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National Earthquake Study Comes to Illinois

Student researchers scout farmland for future earthquake-measuring stations

July 6, 2010 | by Erin Spain
Video produced by Erin White

EVANSTON, Ill. ---Two Northwestern University students on a summer-long road trip across northern and central Illinois are about to start knocking on farmers' and landowners' doors in their search for secluded places to build seismic stations.

Their summer adventures are part of EarthScope, a major National Science Foundation program to measure earthquakes and study the structure and evolution of the North American continent by installing hundreds of seismometers across the United States. The study also will produce CAT scan-like images of the structures beneath the earth's crust.

"There are small earthquakes in Illinois that we want to record, but the stations that will be built are sensitive enough to record earthquakes from around the world," said Emily Wolin, a Ph.D. candidate in Earth and planetary sciences at Northwestern University's Weinberg College of Arts and Sciences.

Wolin and Joseph Walkowicz, an undergraduate in Northwestern's Earth and planetary sciences department, are heading up the Illinois leg of EarthScope.

Suzan van der Lee, an observational and computational seismologist and associate professor of Earth and planetary sciences at Northwestern, is advising the student researchers.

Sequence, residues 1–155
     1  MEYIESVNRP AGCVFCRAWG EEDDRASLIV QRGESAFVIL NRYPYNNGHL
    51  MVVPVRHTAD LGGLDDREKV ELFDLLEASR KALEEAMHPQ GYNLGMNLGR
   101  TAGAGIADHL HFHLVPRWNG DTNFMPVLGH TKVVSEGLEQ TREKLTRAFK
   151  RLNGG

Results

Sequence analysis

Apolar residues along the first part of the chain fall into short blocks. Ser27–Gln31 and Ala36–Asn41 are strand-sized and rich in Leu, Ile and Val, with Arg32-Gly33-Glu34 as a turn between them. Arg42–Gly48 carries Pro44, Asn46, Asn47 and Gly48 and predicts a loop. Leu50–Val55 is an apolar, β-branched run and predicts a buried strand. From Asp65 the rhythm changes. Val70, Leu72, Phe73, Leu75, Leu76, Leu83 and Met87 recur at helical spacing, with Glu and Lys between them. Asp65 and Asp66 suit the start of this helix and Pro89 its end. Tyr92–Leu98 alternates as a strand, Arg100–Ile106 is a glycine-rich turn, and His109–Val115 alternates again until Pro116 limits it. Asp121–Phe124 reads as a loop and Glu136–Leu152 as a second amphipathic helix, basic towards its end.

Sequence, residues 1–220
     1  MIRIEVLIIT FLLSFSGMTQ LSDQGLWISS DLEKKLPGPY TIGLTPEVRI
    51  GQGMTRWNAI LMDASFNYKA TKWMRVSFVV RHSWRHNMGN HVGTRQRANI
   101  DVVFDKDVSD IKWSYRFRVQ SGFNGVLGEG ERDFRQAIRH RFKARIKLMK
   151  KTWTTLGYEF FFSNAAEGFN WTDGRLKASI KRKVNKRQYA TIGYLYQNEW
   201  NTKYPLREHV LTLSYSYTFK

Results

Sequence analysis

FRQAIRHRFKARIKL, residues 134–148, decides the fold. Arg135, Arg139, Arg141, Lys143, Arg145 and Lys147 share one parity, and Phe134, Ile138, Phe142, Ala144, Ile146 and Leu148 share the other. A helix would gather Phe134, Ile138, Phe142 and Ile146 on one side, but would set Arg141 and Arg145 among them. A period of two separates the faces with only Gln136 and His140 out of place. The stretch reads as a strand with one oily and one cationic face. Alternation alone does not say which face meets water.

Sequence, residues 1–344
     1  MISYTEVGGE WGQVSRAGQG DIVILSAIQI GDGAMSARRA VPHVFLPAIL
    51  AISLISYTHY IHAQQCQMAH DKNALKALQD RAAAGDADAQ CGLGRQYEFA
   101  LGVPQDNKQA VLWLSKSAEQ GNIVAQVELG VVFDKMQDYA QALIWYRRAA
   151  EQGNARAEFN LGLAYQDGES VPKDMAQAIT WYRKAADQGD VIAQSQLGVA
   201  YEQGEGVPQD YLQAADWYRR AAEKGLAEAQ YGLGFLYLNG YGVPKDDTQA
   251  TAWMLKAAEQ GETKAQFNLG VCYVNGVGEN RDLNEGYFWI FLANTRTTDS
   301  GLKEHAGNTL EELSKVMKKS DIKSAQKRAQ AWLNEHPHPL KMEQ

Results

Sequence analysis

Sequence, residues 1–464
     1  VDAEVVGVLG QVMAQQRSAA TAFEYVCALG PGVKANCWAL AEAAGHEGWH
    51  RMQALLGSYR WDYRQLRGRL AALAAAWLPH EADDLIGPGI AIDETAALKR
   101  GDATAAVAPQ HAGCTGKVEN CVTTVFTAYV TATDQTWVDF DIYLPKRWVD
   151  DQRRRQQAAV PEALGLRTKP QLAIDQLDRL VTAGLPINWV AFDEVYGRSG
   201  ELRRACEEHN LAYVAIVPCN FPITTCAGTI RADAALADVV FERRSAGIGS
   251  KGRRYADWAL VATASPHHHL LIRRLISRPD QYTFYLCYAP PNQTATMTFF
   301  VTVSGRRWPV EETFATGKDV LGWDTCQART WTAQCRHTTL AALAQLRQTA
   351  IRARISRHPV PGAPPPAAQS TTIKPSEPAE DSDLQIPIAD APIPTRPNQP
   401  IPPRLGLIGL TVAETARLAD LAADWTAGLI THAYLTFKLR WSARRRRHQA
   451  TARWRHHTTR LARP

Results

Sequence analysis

The students are scouting land for quiet, secluded spaces far from railroads and rivers, which can disrupt seismometers. After getting a landowner's approval, they will measure and photograph the land, mark it with a stake, capture its GPS location, make certain a strong cell phone signal is present and write up their findings.

Data from the earthquake-measuring stations already has been collected in the western half of the United States. The goal is to collect data from seismic stations across all of North America by 2013. The Northwestern student researchers plan to identify 21 sites in Illinois by Aug. 31.

Next year seismic monitors will be buried two and a half yards below the earth in the selected locations and remain underground for two years. The monitors will feed earthquake and movement data via cell phone link to EarthScope's collection center in San Diego, after which the data will be available to everyone through a seismic data distribution center in Seattle.

Topics: Research